Solitary herb growing in dense, often quite large, dense or more loose tussocks (diameter often 10 cm or more), often in large stands with near confluence of tussocks. Old leaves persist for 1—2 years. Each tussock has one central root and an extensively branched caudex. Aerial shoots relatively short but occasionally up to 5—7 cm with 3—5(9) pairs of leaves. Stems pubescent with very short (less than 0.05 mm), thick, down-pointing (retrorse), white hairs. Flowering stems usually short, rarely more than 2 cm, and the entire tussocks thereby being quite flat. The tussocks are often difficult to see when not in flower, merging with the gravel where they are growing.
Leaves opposite, 2—5 × 1—1.5 mm, spathulate with broad (winged) bases, ciliate in the lower 1/2—1/3 of margin (cf. the scientific name ‘ciliata’), otherwise glabrous, with more or less distinct mid vein and lateral veins, obtuse, green or reddish.
Flowers singly at end of flowering shoots (rarely up to 4 in a short dichasial cyme), abundant, often covering the entire tussock, with a distinct vanilla smell.
Flowers on pedicels up to 10 mm, radially symmetric, up to 10—12 mm in diameter, with 5 free sepals and petals. Sepals 3—5 × 1.2—1.7 mm, ovate, acute, with distinct mid vein and 2 lateral veins, glabrous or with a few short and thick, white hairs at the very base, purplish or sometimes green, with white or pink hyaline margins ca. 0.3 mm broad. Petals 5—6 × 2.5—3 mm, nearly twice as long as sepals, broadly elliptic, obtuse, strongly spreading, translucent white. Stamens 10; filaments 2—3 mm; anthers very small and short, ca. 3 mm. Gynoecium of 3 carpels with 3 stigma.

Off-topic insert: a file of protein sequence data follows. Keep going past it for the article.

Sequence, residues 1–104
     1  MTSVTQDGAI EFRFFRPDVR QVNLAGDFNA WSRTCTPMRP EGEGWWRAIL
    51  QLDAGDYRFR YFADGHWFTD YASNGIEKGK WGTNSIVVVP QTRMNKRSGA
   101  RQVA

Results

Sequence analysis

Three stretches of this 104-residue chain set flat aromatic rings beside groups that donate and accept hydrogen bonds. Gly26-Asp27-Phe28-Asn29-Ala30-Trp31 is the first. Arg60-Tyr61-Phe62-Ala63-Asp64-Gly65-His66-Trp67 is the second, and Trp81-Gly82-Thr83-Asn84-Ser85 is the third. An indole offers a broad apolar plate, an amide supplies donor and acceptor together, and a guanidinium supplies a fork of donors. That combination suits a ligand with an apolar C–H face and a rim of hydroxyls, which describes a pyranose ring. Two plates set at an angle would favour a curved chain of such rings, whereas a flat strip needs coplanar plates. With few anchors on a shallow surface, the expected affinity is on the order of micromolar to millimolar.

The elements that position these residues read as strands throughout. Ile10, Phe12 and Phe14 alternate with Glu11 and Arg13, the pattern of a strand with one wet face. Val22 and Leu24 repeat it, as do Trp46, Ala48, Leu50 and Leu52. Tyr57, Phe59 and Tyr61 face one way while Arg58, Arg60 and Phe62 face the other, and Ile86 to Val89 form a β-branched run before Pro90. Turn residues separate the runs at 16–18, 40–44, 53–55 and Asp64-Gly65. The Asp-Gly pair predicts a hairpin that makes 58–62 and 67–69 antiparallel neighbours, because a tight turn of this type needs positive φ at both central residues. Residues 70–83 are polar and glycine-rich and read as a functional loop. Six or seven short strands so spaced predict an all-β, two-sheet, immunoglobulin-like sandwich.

Fruit a capsule 4—5 mm, slightly longer than sepals, pear-shaped (pyriform) and opening by 6 teeth, slightly glossy, pale brown, with one room and several seeds.
Sexual reproduction by seeds; no vegetative reproduction. The distinct vanilla smell speaks for insect pollination and the plants are frequently visited by flies. Seed production is abundant in Svalbard and the seeds germinate to 30 % (Alsos et al. 2013).
There are no adaptations to any special kind of seed dispersal. We assume the dispersal to be passive. The only possible mode of long distance dispersal is within the digestive channel of birds.
Arenaria differs from other small Caryophyllaceae by having shorter and broader leaves and short, thick hairs on stems. The two species of Arenaria are rather different. Arenaria pseudofrigida is densely caespitose and has comparatively large flowers 10—12 mm in diameter; A. humifusa is rhizomatous and normally with scattered aerial shoots (but sometimes in small tussocks), and has small flowers 6—8 mm in diameter.
Arenaria pseudofrigida is a specialist on gravelly ground, often on dry, flat and exposed bars or terraces, either along the coast or on small elevations in valleys. It is very tolerant to drought and wind abrasion (the low tussocks may function as a protective layer keeping the fine grained soil from being blown away) but intolerant to competition. It is assumed to be calciphilous but is also found on the circumneutral sandstones near Longyearbyen. It has, however, not been found in any area with mainly acidic substrates.
The range is within the middle and northern tundra zones and the clearly continental to transitional sections, e.g., fairly wide. In Spitsbergen it is rather frequent along the middle and inner parts of Isfjorden, Kongsfjorden, Liefdefjorden (Bockfjorden), and Wijdefjorden. Single records are known from the north side of Bellsund, Prins Karls Forland and Edgeøya.
The global range is arctic amphi-Atlantic, restricted to NE Greenland, Svalbard, NE Fennoscandia, and N European Russia.
Arenaria pseudofrigida is part of a small European species group, the A. ciliata L. aggregate, with several species on open, usually calcareous ground in lowlands and mountains. Arenaria pseudofrigida is the single arctic outpost of this group.
Alsos, I.G., Müller, E. & Eidesen, P.B. 2013. Germinating seeds or bulbils in 87 of 113 tested Arctic species indicate potential for ex situ seed bank storage. – Polar Biology 36: 819–830. Doi 10.1007/s00300-013-1307-7.